For those perched at the top of the mountain, the view is perfectly clear. Climate change is the issue of the moment and has to be tackled without delay. Governments, companies and individuals are all going to have to adjust to the new reality.
Anybody who is not with the agenda – for example, Donald Trump – is either mad or bad. There was a big US delegation to Davos last week but it found itself isolated – in public, at least – on the climate emergency. The annual meeting of the World Economic Forum found Greta Thunberg’s call to arms much more compelling.
Later in the year there will be a much more important event than the World Economic Forum: the UN climate change summit (COP26) in Glasgow. In Davos it was hard to move without hearing the phrase “race against time”.
Almost 15 years ago Nick Stern, then head of the UK Government Economic Service, produced a report on the economics of climate change in which he called the failure to deal with a heating planet the greatest market failure of all time. He argued that the benefits of early action outweighed the costs.
Last week Prof Stern, now chair of the ESRC Centre for Climate Change Economics and Policy and the Grantham Research Institute on Climate Change at the London School of Economics, said the threat was now being taken a lot more seriously. There were four reasons for that. First there was evidence, after a 1C increase in temperatures since pre-industrial times, of the failure to act. “We are seeing some pretty nasty stuff already,” he said.
Second, the scientific evidence was now clear that there was a big difference – for example, in the length of droughts – between a 1.5C and a 2C increase in temperatures. Third, the education system was producing a generation of young people across the world well versed in climate, sustainability and environmental issues, and they were putting pressure on their parents to act.
Young people wanted to know why the economics profession had been slow to include climate risks into their models, which was a justifiable criticism, Stern said. Only a tiny fraction of the papers published in economics journals have related to sustainability.
Finally, Stern noted, an awareness was growing that there is a more attractive way of doing things. The days of the internal combustion engine were numbered, the cost of solar energy had collapsed and there had been dramatic advances in battery-storage technology.
Yet the chances are that Glasgow will not deliver as much as the scientists say is necessary. In part that’s because some important countries, including the US, Brazil, Australia and Saudi Arabia most prominently, will resist pressure to make the commitments that are needed.
But it is also because the view from the bottom of the mountain is hazier than the view from the top. Consider why Emmanuel Macron did not show up at Davos this year. The French president took precisely the kind of action deemed necessary to tackle the climate emergency – whacking up the cost of driving fossil-fuelled vehicles – only to find the country erupt into protest. The message to Macron from those on low incomes was clear: don’t talk to us about the end of the world until you have told us how to make ends meet at the end of the month.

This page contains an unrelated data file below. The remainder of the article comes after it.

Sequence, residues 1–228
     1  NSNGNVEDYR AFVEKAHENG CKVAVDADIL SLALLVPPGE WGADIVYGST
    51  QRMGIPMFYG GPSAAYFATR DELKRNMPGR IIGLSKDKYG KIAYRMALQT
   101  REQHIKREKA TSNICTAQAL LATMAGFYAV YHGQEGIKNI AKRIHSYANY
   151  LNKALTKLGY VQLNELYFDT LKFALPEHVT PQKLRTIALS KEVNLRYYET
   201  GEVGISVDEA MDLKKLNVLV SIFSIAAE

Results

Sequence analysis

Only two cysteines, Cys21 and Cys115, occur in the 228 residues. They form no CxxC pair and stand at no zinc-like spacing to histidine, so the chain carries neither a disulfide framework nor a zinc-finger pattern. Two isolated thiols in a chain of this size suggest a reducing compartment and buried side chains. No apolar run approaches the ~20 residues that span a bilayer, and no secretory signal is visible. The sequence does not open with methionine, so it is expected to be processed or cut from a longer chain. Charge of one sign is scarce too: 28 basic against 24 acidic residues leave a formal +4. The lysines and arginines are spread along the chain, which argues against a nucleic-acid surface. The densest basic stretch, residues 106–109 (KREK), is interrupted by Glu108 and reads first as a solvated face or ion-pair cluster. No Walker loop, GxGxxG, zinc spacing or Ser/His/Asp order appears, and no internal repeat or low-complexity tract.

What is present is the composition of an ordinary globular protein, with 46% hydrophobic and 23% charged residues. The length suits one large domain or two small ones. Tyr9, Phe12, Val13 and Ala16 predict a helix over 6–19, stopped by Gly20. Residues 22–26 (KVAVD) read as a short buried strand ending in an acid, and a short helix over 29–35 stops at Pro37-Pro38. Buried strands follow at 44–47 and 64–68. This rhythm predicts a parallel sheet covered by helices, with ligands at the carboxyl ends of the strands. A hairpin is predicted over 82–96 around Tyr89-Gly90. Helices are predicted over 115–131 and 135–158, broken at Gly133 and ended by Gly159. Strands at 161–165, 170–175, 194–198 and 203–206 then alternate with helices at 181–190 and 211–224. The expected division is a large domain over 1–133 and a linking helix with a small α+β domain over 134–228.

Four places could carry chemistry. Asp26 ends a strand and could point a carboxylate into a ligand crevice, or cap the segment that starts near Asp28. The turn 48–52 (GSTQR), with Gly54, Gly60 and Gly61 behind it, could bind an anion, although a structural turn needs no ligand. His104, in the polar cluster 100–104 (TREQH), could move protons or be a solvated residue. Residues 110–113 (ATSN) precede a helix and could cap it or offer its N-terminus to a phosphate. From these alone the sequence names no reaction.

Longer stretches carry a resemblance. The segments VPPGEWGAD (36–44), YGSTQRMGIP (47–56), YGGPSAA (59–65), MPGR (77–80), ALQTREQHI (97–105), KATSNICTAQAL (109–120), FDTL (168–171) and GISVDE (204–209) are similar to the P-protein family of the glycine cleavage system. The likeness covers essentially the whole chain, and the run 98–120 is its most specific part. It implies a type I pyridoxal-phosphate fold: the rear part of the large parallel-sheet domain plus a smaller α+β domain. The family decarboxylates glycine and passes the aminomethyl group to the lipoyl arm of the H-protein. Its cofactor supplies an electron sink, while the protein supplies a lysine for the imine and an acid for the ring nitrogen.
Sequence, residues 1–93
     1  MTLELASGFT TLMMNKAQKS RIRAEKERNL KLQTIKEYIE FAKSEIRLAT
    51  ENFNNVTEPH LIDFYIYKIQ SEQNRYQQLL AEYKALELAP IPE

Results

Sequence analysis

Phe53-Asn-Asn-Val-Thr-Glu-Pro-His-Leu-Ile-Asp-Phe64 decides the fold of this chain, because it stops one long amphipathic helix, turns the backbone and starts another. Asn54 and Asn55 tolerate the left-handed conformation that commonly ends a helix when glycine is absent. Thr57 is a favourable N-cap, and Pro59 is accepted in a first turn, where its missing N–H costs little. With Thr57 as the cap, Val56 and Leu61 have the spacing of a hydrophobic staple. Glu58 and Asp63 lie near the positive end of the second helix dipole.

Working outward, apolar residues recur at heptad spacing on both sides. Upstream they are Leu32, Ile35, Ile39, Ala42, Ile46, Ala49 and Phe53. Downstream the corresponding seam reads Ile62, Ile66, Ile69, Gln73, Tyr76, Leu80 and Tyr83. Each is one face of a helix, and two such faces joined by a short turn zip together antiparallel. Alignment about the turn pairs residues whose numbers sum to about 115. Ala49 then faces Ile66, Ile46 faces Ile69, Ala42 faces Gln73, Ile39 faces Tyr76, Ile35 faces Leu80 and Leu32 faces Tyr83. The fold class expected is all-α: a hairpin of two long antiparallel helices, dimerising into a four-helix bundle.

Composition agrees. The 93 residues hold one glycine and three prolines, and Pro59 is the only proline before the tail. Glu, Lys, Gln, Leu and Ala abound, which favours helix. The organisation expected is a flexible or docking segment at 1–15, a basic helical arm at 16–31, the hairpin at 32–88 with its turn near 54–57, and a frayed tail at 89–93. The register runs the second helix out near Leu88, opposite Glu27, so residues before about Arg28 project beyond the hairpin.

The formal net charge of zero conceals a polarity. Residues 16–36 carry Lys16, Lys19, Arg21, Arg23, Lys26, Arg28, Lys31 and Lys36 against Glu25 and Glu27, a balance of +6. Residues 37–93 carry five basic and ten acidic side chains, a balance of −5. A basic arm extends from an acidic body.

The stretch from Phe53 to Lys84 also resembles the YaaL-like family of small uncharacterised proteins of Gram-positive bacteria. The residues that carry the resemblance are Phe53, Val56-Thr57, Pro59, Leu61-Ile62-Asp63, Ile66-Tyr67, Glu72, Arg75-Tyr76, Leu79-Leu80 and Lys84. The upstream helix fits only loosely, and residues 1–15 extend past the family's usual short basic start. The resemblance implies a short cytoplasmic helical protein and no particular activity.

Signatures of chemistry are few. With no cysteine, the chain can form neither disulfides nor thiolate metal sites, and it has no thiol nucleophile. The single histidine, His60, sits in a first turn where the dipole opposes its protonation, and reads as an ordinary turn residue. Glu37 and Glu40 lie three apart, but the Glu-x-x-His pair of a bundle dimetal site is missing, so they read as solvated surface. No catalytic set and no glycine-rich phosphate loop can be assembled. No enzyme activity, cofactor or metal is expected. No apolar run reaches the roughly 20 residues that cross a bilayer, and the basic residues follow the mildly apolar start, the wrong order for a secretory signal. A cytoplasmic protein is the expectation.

Trump and his team see things through the lens of the yellow vest protesters. When Olaf Scholz, Germany’s finance minister, said his government was committed to taxing carbon emissions more heavily, the US treasury secretary, Steve Mnuchin, replied: “If you want to put taxes on people, go ahead and put a carbon tax. That is a tax on hardworking people.”
It’s easy to dismiss Mnuchin’s comments as those of a politician with his head in the sand, but he has a point. Speedy action to tackle the climate emergency requires political action. But political action will only be possible if governments can carry their voters with them. And that is not going to be possible if the measures enacted appear to be all pain and no gain.
The Stern report came out in 2006 and it is now 2020. In the intervening years there has been a whopping financial crisis, and a decade in which living standards for the majority of people have moved sideways. It is much easier to worry about the future of the planet if you are comfortably off and don’t have to rely on a food bank.
The problem – and this goes to the heart of what is wrong with Davos – is that nobody really wants to confront the issue of inequality. There was plenty of hand-wringing about the climate crisis, much talk about the need for higher investment in new technologies, and a lot of head-scratching about weak growth. What there wasn’t – as usual – was any willingness to adopt the obvious solutions.
Any sensible person observing the World Economic Forum annual meeting from the outside would come up with the following analysis: working people are going to be less terrified about new technology if they are represented by a trade union. Growth would be higher, and less dependent on debt, if workers were able to bargain collectively. Public support for more rapid action to fight global heating would be stronger under a more progressive tax system. Entrepreneurs would develop new green technologies more quickly if governments set more onerous targets for reductions in carbon emissions.
All these notions are anathema to those running multinational corporations. They hate the idea of trade unions, they are ideological in their opposition to stronger states, and they recoil from the idea that they should pay more tax. But if poor people are expected to make all the sacrifices, expect some resistance. And expect the battle ahead to be long and hard.